You can put whatever you want into this dictionary that may be useful in the method that the timer invokes when it fires.
There are two ways to tell a timer what message it should send and the object to which it should send the message—by specifying each independently, or (in some cases) by using an instance of .
If you then want to look in more detail at the method you can refer back to the docs for more information, but there is explanation around the code too.
Timer not invalidating Frum sex cam
Seasoned Cocoa developers may snicker at the title of this post, because it’s probably obvious to them. Maybe I can save someone some head-scratching by relaying my tale. Now, I’ve been around the Cocoa block a few times, so I knew this to be the case (the docs state it explicitly), but I clearly hadn’t thought through the ramifications. Let’s say you have a window, isn’t called until the controller’s retain count is zero, and until the timer invalidates (which will be never, on a repeating timer), the controller’s retain count will never be zero.
The solution would be to invalidate the timer elsewhere, perhaps in on my window controller was returning an object with a retain Count of 2, when I was expecting 1.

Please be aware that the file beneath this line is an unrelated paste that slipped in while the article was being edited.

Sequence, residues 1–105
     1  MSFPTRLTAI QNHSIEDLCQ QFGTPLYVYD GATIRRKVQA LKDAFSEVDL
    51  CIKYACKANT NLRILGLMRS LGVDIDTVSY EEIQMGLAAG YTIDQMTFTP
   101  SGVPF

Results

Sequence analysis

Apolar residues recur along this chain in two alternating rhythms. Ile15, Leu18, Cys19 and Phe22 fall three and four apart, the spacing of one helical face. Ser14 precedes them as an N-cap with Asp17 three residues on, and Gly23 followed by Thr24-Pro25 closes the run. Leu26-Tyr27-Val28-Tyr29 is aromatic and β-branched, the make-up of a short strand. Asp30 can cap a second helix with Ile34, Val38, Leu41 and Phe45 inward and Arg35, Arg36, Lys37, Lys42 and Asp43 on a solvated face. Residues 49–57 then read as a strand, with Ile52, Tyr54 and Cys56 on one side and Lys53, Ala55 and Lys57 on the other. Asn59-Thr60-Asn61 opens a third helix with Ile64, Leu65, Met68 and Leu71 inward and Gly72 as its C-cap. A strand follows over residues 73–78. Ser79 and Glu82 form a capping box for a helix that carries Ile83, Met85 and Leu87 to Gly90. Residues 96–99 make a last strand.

In this case, you do need to keep a reference to the timer, so that you can send it an invalidate message whenever appropriate.
If you create an unscheduled timer (see “Unscheduled Timers”), then you must maintain a strong reference to the timer (in a reference-counted environment, you retain it) so that it is not deallocated before you use it.
Since the timer is passed as an argument when you specify its method as a selector, you can invalidate a repeating timer when appropriate within that method.
In many situations, however, you also want the option of invalidating the timer—perhaps even before it starts.In all cases, you have to configure the timer to tell it what message it should send to what object when it fires, and whether it should repeat.With some methods, you may also provide a user info dictionary.For example, you could create an NSTimer object that sends a message to a window, telling it to update itself after a certain time interval.” Apple Firstly I’d like to draw your attention to the Cocoa/CF documentation (which is always a great first port of call).The Apple docs have a section at the top of each reference article called “Companion Guides”, which lists guides for the topic being documented (if any exist).This post includes 2 ways applied by my team to deal with that issue.